“As a New York federal jury has now found, Thiam abused his official government position to enrich himself at the expense of one of Africa’s poorest countries,” said Acting U.S. Attorney Kim. “Thiam laundered the proceeds of his bribery scheme into the United States to fund his lavish lifestyle, buying a multi-million dollar estate in Dutchess County, and paying for private schools for his children. Thanks to the work of the FBI, Thiam’s scheme was exposed and he was swiftly convicted.”
“This conviction showcases the FBI’s commitment to combatting corruption domestically and abroad,” said Assistant Director Stephen Richardson. “Thiam’s misuse of his official position for personal gain violated federal law and the trust of the Guinean people. I applaud the excellent work that our employees put into this case and thank all of our partners who helped bring Thiam to justice.”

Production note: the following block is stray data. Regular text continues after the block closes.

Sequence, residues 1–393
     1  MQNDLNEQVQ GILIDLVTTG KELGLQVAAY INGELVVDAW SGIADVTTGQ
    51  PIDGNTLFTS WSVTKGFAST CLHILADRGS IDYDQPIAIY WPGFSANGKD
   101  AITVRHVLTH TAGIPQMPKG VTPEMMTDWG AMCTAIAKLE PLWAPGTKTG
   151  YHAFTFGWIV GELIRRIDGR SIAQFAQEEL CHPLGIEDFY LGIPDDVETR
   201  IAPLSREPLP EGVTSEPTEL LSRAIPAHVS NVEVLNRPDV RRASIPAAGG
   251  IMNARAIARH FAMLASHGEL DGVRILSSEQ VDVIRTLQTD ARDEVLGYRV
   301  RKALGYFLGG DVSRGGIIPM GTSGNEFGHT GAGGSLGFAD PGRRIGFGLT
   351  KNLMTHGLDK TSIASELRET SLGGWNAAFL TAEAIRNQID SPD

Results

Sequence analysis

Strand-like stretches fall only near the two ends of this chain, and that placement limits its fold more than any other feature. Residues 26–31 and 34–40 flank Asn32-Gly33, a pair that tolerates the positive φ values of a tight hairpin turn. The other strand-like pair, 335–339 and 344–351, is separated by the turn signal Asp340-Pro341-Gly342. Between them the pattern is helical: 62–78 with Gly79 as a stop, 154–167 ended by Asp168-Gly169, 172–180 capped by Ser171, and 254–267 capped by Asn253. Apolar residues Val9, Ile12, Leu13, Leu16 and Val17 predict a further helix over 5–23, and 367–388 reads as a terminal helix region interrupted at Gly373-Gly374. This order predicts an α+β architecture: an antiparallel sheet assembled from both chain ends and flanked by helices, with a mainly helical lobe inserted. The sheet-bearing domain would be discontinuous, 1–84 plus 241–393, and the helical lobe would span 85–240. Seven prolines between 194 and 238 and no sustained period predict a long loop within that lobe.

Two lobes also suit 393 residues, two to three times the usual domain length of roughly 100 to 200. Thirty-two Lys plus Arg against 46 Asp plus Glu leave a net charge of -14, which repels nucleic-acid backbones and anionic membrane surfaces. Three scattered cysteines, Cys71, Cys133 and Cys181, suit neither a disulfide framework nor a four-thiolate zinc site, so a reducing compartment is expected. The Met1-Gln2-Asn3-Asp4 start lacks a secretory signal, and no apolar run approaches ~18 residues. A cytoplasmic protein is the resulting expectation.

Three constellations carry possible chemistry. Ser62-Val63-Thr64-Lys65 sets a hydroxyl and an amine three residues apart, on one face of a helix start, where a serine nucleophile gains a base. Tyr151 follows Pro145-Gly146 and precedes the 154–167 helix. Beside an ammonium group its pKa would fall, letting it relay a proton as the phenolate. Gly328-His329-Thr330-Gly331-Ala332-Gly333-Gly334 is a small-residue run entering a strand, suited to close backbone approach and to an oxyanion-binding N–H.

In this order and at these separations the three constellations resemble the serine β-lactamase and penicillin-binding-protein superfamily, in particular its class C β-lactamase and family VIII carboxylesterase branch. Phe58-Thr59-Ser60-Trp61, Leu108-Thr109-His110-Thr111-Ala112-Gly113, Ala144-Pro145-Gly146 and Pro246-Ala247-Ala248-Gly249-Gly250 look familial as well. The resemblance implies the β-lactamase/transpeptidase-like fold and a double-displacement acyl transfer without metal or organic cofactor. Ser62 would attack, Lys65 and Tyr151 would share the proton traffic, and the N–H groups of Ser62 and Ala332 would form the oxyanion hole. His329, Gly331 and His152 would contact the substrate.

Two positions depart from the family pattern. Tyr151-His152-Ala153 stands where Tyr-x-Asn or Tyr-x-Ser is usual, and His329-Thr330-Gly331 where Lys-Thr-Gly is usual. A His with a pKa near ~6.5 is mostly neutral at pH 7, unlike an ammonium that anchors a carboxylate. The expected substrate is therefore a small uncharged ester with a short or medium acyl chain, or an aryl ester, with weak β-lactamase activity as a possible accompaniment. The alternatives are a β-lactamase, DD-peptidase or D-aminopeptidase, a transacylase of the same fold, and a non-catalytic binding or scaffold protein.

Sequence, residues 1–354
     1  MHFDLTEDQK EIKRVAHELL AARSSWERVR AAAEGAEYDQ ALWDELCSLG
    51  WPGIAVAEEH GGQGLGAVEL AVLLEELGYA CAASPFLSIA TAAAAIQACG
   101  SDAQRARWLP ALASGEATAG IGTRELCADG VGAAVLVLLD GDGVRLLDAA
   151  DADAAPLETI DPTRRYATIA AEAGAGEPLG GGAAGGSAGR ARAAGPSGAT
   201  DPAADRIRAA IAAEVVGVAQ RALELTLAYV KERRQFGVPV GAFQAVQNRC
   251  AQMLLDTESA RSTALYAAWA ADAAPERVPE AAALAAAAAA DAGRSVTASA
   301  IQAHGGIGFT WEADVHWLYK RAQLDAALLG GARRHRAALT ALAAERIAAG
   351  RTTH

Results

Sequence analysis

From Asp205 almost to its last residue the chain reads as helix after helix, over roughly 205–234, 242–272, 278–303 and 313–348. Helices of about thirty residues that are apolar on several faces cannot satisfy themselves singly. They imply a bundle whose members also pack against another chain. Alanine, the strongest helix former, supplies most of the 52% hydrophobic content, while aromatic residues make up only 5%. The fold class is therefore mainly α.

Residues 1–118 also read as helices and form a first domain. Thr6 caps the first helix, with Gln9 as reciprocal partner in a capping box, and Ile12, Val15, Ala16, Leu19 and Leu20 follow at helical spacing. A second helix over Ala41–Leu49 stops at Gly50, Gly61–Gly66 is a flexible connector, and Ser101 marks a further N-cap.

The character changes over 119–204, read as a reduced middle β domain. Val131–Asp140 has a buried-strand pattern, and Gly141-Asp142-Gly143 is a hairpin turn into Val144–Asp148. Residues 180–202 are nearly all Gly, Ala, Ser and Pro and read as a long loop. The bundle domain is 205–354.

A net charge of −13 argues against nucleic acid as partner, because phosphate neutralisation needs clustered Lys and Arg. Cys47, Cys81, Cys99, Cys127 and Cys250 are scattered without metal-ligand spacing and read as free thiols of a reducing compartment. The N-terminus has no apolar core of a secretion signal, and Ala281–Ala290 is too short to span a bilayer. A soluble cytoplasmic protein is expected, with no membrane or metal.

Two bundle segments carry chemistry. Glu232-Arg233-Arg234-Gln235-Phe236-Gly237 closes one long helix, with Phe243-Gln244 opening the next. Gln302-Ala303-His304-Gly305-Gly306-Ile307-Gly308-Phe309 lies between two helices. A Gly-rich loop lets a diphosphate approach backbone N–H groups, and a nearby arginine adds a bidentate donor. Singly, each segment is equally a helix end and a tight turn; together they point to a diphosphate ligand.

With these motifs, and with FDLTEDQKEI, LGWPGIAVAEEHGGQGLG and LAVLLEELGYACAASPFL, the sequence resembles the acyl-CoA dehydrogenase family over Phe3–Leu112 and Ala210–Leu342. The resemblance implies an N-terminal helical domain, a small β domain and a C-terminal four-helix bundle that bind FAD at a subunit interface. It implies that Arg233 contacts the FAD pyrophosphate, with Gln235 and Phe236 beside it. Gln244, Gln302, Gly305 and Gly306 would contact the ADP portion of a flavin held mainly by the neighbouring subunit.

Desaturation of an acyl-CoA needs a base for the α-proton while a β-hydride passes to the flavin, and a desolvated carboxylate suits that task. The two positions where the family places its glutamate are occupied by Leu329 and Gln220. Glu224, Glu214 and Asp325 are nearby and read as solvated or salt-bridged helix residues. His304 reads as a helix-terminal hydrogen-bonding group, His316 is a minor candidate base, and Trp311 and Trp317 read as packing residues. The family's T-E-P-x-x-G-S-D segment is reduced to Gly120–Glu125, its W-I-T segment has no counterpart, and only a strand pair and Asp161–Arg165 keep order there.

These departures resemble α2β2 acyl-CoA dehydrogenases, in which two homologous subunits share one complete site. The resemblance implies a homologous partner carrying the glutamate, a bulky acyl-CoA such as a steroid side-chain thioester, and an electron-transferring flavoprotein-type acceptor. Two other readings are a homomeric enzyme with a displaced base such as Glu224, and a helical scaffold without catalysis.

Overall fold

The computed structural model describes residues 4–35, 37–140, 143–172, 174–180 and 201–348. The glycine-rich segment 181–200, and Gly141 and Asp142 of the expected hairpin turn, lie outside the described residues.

“The conviction of Thiam demonstrates that no one who violates public office is above the law when they are involved in corruption,” said Assistant Director in Charge Sweeney. “The FBI’s International Corruption Squads were established to take on foreign corruption cases like this that use money laundering and lies to deceive the trust in public office.”
According to evidence presented at trial, China Sonangol, CIF and their subsidiaries signed a series of agreements with Guinea that gave them lucrative mining rights in Guinea, and Thiam influenced the Guinean government’s decision to enter into those agreements while serving as Guinea’s Minister of Mines and Geology from 2009 to 2010.